Drill Pipe Inspection
The drill pipe is made from the welding of three separate pieces. These include the box tool joint, the pin tool joint, and the tube. The ends of the tubes are upset to increase the cross-sectional area of the ends. After upsetting the tubes goes into a heat-treating process. The drill pipe steel is commonly quenched and tampered with to achieve high yield strengths. Higher-strength steels are typically harder, and this makes them more susceptible to cracking and crack propagation.
Drill pipe is a hollow, thin-walled steel or aluminum alloy piping that is used for drilling rigs. Its hollow shape allows drilling to be easily pumped down the hole through the bit and back of the annulus. The pipes come in various sizes, strengths, and wall thicknesses. The drill stems are designed to transfer drilling torque for combined lengths that often exceed several miles down the Earth’s crust.
The pipes are expected to possess the strengths that can bear weights of deeper components. If the wells are deep, it requires the use of tempered steel tubes which are very expensive. The owners also spend a considerable amount of time to reuse them whenever they finish a well. This is also designed to be capable of resisting pressure that may likely occur both inside and outside. A used drill stem can be inspected both onsite and off the location. Various testing methods are used to conduct the inspection of the drill pipe. Ultrasonic testing and instruments that are like the spherometer can be used at the inspection sites to detect defects from metal fatigue. The drill pipe is the portion of the overall drill string. The drill string is made up of both the drill pipe and the BHA which is the tubular portion that is closest to the bit. The drill pipe is also considered premium class which is regarded as 80% remaining body wall (RBW). After the inspection and it is determined that the RBW is below 80%, the pipe is class 2 or a Yellow band pipe. If this becomes the case, the drill pipe will be regarded as scrap and will be marked with a red band.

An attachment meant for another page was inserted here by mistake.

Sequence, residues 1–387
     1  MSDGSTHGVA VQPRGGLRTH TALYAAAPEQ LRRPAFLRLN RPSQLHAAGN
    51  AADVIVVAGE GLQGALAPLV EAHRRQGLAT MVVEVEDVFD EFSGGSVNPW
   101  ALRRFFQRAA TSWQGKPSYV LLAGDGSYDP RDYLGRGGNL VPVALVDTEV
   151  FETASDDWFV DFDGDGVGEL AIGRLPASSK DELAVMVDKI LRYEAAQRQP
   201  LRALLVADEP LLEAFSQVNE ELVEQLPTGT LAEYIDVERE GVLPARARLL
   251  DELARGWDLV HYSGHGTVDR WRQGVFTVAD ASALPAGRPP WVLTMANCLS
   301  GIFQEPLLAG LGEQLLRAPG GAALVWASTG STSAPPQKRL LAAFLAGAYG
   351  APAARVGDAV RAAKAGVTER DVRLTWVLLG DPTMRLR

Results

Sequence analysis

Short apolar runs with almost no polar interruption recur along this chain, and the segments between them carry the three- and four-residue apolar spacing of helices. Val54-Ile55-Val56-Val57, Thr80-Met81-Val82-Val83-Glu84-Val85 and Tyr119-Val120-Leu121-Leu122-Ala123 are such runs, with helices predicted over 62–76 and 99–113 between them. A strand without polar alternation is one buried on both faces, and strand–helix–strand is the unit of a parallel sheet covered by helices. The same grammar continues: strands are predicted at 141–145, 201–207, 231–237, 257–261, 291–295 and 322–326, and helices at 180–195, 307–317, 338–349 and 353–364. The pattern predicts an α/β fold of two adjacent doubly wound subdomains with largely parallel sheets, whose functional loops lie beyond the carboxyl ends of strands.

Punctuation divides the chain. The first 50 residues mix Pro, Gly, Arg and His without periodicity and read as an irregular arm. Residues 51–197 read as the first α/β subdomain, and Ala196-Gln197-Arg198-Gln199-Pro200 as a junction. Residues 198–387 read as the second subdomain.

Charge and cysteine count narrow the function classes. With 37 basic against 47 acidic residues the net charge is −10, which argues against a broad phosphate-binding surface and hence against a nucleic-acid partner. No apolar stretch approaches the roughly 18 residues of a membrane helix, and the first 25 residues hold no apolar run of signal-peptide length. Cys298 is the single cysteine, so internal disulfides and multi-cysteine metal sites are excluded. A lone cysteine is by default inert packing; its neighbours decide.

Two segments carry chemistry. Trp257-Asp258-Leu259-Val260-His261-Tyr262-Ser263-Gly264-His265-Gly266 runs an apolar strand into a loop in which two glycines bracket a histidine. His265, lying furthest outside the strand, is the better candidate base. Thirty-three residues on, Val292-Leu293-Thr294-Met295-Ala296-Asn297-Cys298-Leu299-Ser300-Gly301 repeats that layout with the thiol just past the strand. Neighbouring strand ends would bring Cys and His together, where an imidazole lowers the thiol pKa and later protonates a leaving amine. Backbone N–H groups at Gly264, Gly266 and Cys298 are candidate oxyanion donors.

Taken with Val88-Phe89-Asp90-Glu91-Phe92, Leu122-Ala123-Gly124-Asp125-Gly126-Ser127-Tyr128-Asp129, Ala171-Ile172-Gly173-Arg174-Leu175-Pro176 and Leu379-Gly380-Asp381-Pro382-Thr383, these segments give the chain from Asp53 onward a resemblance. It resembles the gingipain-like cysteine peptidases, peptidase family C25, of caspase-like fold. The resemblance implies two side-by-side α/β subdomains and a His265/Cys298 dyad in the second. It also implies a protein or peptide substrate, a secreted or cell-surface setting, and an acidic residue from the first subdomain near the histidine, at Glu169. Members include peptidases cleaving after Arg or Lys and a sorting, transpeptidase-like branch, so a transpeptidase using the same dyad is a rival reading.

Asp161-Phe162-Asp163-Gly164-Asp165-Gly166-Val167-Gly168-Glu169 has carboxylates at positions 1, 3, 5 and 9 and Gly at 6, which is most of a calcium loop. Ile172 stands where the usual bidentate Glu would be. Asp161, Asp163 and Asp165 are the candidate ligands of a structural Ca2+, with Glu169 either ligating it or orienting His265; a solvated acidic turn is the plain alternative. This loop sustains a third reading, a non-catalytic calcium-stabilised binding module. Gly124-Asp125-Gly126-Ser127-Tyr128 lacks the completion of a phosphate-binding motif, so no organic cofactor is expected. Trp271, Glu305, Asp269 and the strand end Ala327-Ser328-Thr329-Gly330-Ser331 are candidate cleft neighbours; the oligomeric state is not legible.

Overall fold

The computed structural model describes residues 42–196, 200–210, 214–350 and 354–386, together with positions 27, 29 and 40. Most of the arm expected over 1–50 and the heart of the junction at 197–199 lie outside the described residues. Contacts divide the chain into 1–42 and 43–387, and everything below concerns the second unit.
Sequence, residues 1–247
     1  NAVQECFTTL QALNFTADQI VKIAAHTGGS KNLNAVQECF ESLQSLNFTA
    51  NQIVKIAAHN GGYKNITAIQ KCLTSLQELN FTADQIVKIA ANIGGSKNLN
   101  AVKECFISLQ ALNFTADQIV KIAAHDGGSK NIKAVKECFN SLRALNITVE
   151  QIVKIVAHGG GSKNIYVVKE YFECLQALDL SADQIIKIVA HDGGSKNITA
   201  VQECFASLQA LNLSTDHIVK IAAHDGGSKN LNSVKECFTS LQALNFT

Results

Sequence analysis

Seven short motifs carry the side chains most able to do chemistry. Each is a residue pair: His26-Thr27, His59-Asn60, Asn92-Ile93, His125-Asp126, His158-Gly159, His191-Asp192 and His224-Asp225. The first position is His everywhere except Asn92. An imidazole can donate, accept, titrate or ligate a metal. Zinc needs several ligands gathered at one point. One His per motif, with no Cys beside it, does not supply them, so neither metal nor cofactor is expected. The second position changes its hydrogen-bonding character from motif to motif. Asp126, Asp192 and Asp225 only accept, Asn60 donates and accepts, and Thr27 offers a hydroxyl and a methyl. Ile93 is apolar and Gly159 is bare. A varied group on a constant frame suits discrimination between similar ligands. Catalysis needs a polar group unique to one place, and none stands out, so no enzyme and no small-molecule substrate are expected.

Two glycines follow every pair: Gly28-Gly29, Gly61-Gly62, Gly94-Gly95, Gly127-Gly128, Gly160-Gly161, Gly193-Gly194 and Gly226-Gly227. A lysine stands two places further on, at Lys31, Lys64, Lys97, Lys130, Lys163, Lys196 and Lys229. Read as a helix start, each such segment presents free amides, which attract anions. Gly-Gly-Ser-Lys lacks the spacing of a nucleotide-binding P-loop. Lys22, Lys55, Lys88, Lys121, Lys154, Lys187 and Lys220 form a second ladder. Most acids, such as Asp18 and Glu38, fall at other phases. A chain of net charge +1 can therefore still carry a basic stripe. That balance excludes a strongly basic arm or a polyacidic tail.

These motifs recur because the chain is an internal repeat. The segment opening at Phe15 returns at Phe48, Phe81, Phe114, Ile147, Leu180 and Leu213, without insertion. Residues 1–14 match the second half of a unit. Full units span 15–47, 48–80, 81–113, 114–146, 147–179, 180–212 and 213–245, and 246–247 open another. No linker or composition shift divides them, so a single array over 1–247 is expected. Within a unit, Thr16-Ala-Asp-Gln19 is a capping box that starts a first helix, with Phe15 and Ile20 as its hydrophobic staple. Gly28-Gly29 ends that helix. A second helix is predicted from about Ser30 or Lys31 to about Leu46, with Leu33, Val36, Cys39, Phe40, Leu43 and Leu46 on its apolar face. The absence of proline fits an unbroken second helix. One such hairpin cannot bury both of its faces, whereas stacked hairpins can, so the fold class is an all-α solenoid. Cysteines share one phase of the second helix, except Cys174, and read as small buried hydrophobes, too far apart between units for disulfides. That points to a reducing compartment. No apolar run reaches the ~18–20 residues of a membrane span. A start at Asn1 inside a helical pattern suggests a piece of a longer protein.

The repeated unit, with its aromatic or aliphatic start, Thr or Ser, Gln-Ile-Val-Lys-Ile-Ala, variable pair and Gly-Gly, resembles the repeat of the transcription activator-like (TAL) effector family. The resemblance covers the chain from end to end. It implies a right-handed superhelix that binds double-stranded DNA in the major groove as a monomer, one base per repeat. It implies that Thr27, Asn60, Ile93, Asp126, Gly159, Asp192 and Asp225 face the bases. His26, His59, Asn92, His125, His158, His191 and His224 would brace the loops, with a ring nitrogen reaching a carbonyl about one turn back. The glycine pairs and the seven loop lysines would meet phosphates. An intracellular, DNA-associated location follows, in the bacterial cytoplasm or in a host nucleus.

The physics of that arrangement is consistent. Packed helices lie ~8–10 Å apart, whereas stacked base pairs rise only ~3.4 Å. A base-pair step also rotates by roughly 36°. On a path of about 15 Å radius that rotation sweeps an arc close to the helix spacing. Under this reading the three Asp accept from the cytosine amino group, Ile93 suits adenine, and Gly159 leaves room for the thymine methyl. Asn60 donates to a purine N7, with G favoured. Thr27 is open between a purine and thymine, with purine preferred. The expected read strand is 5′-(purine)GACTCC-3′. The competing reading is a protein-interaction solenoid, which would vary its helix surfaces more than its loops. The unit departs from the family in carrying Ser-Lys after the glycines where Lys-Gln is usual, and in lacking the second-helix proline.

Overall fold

The drill pipe inspection is usually set at regular intervals that depend on the type of drilling conditions that have been conducted in times past as well as the past failures that have been experienced.
Unit measurements are used for full-length electromagnetic inspection of drill pipe tubes. This is necessary to locate the internal and external pitting as well as cuts, gouges, and localized wall loss, fatigue cracks which are detrimental to the integrity of the pipe that is supposed to be used in the drilling operations. Incorporated with EMI, the pipe tube is gauged to measure the wear of the tube and to locate dents and any other mashed areas.
The thickness of the wall and other readings are required to be taken with the use of a compression wave ultrasonic thickness gauge. Values that are needed for downgrading pipes due to wall thickness loss are set by customers and are inspected to ensure that they comply with the set standards. In addition to the tubular body inspection, thread inspections are also carried out both visually and dimensionally for API and premium connection. The drill pipe inspection may include magnetic particle inspection (MPI) of the drilling rig mast, sub-base, pipe elevators, slips, tongs, sheaves, welded areas of high-pressure lines, and various other hoisting equipment These inspection techniques are also conducted using the A.C Yoke magnetic flow technique.
What can JC International Provide?JC International is the nation’s leading inspection, verification, testing, and certification company. Contact us for your specific inspection requirements for your oil country tubular goods (OCTG).